Are Men Financially Discriminated Against In Divorce? Legal View

Linda Lamb 31 May 2019

Are Men Financially Discriminated Against In Divorce? Legal View

Those in the public eye going through a divorce often provide a ringside seat to the courts' approach to carving up wealth. Is it an unfair battle of the sexes? A family law specialist sheds light.

Family law solicitor Linda Lamb looks at whether the English family court is more generous towards women in wealthy divorce cases, which is the assumption if reputation is any guide. Using the recently contested divorce of a reality TV star, Lamb offers commentary on the roles judges and discretion play. The editors of this news service are pleased to share these thoughts and invite readers to respond. Email

A reality star’s divorce case has raised a controversial question – does the English court system favour women over men when it comes to divorce?

Lauren Simon, a star of the ITVBe show Real Housewives of Cheshire has locked horns with her ex-husband, property developer Paul Simon, who is arguing that a £3 million divorce payout is “discriminatory” and has left him with nothing. He claims this is due to the payout being £1 million more than they held in liquid assets. However, Ms Simon has counteracted this saying that it was a fair amount for what she had put into their marriage.

There is no doubt that the English family courts have a reputation for being more generous to women when it comes to maintenance payments, which in other jurisdictions are either not available or not as bountiful.

However, the court still has to consider how large the family fund is and how this can be fairly distributed to allow both the husband and wife to move on with their lives. It is not uncommon for the breadwinner to feel that they should receive more after they created the financial fund, and for the other - in the weaker financial position - to feel that their role as a homemaker has been devalued in the divorce process, and that the other spouse has received a more favourable settlement because they have not been totally honest.

The case of the Real Housewives of Cheshire star, Lauren Simon is a perfect example. We do not know yet the reassessed total value of the assets considered until the case report is published by the Court of Appeal. There are disputes about what should and shouldn’t be defined as part of the family fund. The ex-husband has disputed that Ms Simon is entitled to a share of his family trust fund capital. However Ms Simon has claimed that the joint fund is worth considerably more than the sum suggested by the husband.

Nonetheless, what is for sure is that both will be spending a considerable amount of the family funds on legal costs, the appealed order already having been fully contested in court with  both of them having to pay their own costs. The risk in the appeal from the ex-husband is that if unsuccessful there could be a costs order against the version that the court did not accept.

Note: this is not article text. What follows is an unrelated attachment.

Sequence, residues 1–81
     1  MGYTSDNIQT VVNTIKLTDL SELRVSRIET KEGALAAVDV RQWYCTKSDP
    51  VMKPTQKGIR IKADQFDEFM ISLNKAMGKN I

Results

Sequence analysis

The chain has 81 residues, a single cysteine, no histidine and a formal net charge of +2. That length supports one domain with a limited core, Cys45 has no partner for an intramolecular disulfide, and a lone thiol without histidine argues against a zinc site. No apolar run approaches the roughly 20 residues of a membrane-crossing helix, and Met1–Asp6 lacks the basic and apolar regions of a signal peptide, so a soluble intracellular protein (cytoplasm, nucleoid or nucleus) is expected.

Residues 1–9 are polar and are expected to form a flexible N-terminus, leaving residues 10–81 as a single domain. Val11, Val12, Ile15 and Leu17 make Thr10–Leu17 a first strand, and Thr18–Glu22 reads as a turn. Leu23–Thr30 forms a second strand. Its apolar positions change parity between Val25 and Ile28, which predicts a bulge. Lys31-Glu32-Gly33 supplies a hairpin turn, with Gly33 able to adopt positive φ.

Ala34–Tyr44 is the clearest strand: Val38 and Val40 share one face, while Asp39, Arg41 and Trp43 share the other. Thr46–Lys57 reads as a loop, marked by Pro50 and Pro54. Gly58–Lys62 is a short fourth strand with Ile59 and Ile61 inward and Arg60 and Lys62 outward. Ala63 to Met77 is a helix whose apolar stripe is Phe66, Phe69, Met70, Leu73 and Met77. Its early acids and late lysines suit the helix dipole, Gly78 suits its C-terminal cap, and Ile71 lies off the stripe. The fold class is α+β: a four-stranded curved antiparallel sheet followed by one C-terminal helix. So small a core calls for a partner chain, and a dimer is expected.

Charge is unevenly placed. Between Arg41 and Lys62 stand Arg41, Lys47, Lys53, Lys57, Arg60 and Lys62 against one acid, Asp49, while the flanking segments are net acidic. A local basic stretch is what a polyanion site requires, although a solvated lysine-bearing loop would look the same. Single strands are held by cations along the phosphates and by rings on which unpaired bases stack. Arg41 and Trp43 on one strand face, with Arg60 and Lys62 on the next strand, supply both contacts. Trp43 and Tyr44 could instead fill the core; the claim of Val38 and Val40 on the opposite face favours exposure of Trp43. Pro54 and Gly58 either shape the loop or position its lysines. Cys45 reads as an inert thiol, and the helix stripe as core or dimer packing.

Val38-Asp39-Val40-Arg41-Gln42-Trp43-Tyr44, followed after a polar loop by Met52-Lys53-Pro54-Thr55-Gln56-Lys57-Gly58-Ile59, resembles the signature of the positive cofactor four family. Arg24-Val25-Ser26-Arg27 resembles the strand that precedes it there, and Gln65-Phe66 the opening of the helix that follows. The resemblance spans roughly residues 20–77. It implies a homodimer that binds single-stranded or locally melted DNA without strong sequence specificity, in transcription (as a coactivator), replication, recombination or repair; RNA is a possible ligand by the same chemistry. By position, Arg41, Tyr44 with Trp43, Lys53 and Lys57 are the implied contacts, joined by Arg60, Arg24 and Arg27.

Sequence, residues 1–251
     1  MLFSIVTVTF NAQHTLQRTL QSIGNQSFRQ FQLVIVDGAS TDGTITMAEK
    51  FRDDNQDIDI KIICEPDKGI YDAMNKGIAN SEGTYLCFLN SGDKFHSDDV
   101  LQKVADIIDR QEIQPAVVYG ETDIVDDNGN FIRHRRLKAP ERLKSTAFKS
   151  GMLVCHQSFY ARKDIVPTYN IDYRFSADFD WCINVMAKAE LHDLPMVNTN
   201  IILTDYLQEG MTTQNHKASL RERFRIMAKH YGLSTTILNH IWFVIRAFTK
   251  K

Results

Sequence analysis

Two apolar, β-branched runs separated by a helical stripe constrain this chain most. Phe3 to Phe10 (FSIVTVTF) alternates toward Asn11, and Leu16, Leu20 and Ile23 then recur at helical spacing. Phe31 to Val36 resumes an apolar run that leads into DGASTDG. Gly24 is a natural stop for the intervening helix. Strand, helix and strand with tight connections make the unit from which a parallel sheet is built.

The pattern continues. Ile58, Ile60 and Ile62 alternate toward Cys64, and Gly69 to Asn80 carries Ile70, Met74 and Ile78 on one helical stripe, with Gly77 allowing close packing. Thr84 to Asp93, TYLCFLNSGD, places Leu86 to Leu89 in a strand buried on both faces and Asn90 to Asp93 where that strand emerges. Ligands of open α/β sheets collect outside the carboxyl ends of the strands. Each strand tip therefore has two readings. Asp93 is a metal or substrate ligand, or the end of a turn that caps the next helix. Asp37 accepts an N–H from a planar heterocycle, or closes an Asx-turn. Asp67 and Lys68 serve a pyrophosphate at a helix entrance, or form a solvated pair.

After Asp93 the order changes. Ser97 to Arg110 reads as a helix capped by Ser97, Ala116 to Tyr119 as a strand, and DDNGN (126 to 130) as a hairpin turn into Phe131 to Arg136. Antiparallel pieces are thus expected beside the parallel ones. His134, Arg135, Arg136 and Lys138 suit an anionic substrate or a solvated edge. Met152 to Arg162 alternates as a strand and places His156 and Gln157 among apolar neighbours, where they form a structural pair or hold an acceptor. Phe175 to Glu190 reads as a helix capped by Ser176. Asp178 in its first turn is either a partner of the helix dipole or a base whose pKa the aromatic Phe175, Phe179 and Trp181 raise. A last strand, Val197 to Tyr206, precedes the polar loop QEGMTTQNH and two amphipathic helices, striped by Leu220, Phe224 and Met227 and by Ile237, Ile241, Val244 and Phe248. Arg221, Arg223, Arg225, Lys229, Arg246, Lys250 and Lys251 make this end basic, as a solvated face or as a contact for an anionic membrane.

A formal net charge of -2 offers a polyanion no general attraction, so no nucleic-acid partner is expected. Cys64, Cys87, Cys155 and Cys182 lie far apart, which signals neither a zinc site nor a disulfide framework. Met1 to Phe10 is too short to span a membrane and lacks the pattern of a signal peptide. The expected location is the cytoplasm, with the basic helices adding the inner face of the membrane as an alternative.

The court has discretion to decide the importance and relevance of all the circumstances of the family and make an order. This is why it is hard to predict exactly what a court will order because although all judges use the same Section 25 criteria, they view the importance of the different points in many ways. The court does have to consider the following set criteria in all cases whether an order is agreed or contested after proceedings –
•    Income, earning capacity, property and other financial resources now and foreseeable soon;
•    Financial needs, obligations and responsibilities now and foreseeable soon;
•    Standard of living before the breakdown of the marriage;
•    age and length of marriage;
•    physical and mental disability;
•    contributions made or in foreseeable future to the welfare of the family including non-economic contribution;
•    value to each of any benefit they will lose the chance of acquiring.

Many financial cases settle either with a consent order before or during the early stages of court proceedings. These cases are not reported but usually reflect fairness by using the criteria above. Increasingly, women are earning more than their partners and childcare is more evenly shared. It is only in the really extreme cases where nothing is ever agreed and/or there is considerable wealth involved that appears to suggest the English family court is more generous to women.

It appears that, despite the perception of women being favoured financially in the English divorce courts, this in practice really only applies to the super wealthy.

Linda Lamb is a solicitor and director at LSL Family Law.

Register for WealthBriefing today

Gain access to regular and exclusive research on the global wealth management sector along with the opportunity to attend industry events such as exclusive invites to Breakfast Briefings and Summits in the major wealth management centres and industry leading awards programmes